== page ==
# Question about stationary and mobile phases

1. Nov 21, 2014

### Latsabb

We have been learning about HPLC and GC machines, and discussing the various types of columns, and I felt that everything was pretty clear and obvious. However, something from yesterday made me a bit confused, so I am hoping for some clarity. If you have a polar stationary phase, and you want the mobile phase to travel through the column faster, you want to up the polarity of the mobile phase. But why is that? It seemed to me like it would be the opposite, as two polar phases would "grip" each other, and actually make it travel slower. I thought that this would most certainly be the case in something like an open tube column, where a polar mobile phase would have much more interaction with a polar stationary phase.

Can someone shed some light on this, please? I am having trouble wrapping my head around it. Thanks.

2. Nov 21, 2014

### Bystander

The "mobile phase" in the instance you're discussing is probably the carrier. Higher polarity increases mobility of the polar components of the sample you're trying to separate.

3. Nov 21, 2014

### Latsabb

Yes, the mobile phase is the carrier liquid for the analyte. And I understand that a higher polarity mobile phase travels faster through a column with a polar stationary phase, but I am curious as to why. Typically polar things draw each other closer, and provide a force of attraction, which would make me think that the liquid would travel slower due to more "grip" from the stationary phase. That clearly isnt how it works, but I would like to know why.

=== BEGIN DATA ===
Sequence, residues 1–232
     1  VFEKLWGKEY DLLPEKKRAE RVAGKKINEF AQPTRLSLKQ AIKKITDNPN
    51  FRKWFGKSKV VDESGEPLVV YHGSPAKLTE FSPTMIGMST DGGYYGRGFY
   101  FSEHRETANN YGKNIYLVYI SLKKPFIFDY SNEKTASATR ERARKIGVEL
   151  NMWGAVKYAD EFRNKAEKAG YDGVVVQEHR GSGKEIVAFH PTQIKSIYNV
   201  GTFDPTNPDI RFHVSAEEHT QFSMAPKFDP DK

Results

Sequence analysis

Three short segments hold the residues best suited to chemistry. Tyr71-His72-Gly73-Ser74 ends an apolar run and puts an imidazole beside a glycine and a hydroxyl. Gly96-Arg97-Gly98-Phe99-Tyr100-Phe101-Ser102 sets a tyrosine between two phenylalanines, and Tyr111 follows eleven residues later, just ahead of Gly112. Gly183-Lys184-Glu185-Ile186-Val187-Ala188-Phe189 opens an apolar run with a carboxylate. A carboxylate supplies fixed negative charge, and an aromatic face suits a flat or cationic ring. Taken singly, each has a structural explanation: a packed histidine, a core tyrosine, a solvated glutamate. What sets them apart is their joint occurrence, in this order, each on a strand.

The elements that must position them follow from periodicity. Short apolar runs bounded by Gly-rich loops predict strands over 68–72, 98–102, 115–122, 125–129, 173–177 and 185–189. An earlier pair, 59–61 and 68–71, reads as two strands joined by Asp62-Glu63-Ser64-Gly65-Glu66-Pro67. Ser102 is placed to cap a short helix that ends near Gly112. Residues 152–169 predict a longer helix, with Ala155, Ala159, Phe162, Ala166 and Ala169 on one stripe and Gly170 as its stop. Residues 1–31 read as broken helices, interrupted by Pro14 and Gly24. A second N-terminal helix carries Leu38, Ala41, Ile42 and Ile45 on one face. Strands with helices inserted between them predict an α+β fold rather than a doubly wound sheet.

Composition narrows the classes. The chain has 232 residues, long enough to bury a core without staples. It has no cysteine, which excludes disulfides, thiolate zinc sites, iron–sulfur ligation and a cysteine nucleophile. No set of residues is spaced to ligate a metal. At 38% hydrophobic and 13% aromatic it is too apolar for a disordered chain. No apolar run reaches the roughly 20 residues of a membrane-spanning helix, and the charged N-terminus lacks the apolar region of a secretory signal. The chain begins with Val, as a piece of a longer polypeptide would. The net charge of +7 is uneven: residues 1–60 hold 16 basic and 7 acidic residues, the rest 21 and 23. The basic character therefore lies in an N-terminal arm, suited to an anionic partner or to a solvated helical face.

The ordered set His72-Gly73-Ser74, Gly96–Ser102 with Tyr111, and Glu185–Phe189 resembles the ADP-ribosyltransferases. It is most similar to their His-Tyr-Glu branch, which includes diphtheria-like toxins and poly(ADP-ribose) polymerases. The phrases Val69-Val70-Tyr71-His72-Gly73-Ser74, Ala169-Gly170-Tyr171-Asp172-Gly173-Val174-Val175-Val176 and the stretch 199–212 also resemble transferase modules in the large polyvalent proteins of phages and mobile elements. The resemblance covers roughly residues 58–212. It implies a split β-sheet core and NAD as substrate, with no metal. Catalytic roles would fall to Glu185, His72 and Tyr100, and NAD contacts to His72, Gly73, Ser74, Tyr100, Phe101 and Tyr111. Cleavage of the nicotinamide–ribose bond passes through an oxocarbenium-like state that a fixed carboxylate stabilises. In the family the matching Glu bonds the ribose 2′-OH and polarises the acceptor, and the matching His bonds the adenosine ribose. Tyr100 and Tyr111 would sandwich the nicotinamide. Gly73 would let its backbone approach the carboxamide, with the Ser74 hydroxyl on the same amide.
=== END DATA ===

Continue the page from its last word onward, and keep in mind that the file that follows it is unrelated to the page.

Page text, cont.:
4. Nov 21, 2014

### Bystander

The mobile carrier is flowing at a constant rate whether you have sample on the column or not; when a sample is injected at the head of the column the rates at which sample components move through the column are a function of their polarity, for the polar case we're discussing, the most polar being held most strongly on the stationary phase (to the point of permanent attachment if the carrier is not polar enough to dissolve it), and the least polar being freely soluble and only slightly held on the stationary phase can be swept through at nearly the same flow rate as the "mobile"/carrier phase.

Help?

5. Nov 21, 2014

### Latsabb

Ah! Yes, this helps quite a bit. So the reduction in retention time is not due to the flow rate being changed, but rather the interaction between the analyte and the stationary phase. And the reason a higher polarity mobile phase speeds it up is that it needs the polarity to "tug" the analyte along, or else the analyte would stay in/with the stationary phase. Thank you very much! This makes much more sense now.